Carbon Sciences Inc., focused on developing breakthrough technologies based on graphene, the new miracle material, today commented further on it plans to develop graphene-based devices for cloud computing.
Graphene-based fiber optics components, such as photodetectors, fiber lasers and optical switches are expected to unclog the existing bottlenecks and enable ultrafast communication in data centers for Cloud computing.
Fiber optics technology is the backbone of the Internet. With the observed and predicted explosive growth of Internet data -- as a result of Cloud-based services such as Netflix, Facebook, Google and many more -- the fundamental speed limits of current state-of-the-art fiber optic materials are being reached.
While signals can move at the speed of light down an optical fiber, the actual information that can be transmitted is limited by the detection speed of the photodetectors, which convert light signal into electrical signal for processing by computer chips.
Current state-of-the-art photodetectors are based on expensive rare and high power materials such as germanium, gallium, arsenic and indium, also known as III-V semiconductors. However, the fundamental physics of these materials limit them to a practical bandwidth of 25 Gbps (gigabits per second). New materials such as graphene must be explored in order to keep up with the speed of data movement in the Cloud.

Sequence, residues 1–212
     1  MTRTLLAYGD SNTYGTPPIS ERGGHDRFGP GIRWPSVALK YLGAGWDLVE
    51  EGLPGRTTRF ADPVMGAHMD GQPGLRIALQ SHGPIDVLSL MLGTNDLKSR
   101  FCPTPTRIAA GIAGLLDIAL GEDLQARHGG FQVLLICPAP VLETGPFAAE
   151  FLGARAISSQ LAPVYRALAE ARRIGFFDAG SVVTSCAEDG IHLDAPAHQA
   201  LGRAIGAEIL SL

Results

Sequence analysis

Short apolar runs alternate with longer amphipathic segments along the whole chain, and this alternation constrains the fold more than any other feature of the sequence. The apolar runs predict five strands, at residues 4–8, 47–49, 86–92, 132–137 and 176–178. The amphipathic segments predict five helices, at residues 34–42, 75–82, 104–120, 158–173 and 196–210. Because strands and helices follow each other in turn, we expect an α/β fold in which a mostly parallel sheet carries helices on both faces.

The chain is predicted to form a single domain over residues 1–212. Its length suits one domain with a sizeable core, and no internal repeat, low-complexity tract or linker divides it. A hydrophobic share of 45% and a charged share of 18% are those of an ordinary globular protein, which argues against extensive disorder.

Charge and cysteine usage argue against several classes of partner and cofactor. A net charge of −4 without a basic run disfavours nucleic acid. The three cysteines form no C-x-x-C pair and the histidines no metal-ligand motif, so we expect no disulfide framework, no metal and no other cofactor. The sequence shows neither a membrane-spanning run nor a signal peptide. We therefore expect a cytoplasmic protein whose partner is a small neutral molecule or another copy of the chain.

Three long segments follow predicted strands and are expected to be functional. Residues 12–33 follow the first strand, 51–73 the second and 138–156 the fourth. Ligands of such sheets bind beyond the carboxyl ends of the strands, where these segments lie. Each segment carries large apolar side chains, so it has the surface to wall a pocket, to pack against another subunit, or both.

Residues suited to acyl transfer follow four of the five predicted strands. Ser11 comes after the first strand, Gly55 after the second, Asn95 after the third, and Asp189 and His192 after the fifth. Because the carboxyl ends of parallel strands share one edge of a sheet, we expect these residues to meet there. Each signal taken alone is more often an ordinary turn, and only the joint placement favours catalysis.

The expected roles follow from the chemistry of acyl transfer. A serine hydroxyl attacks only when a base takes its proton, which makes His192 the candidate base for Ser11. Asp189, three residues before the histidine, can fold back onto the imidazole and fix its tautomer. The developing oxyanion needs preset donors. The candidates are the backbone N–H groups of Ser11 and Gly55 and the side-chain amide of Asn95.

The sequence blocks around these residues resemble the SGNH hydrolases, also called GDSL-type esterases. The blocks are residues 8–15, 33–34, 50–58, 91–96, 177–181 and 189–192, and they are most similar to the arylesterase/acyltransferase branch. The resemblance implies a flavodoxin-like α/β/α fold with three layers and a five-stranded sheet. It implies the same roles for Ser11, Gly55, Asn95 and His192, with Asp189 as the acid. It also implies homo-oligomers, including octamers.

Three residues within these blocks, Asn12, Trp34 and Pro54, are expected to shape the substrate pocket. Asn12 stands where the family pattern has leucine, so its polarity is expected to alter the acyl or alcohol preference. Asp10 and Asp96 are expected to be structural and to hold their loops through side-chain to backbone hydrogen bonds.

With a very high charge-carrier mobility and broad-spectrum optical response, the company's management team believes graphene-based components, such as photodetectors, fiber lasers and optical switches, will be able to overcome the speed limits of today's fiber optics technology. This will unleash a global era of high-resolution video on demand, high fidelity music streaming, high volume e-commerce and many more Cloud-based services. The first component the company is focused on is an ultrafast graphene photodetector.
Various research laboratories had proven that graphene is a very promising material for photodetectors and some have demonstrated detection speeds of 50 Gbps. The intrinsic optical bandwidth of graphene has also been measured to be in excess of 250 Gbps. This represents an increased transmission speed of 10 times more than the 25 Gbps limit in current state-of-the-art photodetectors.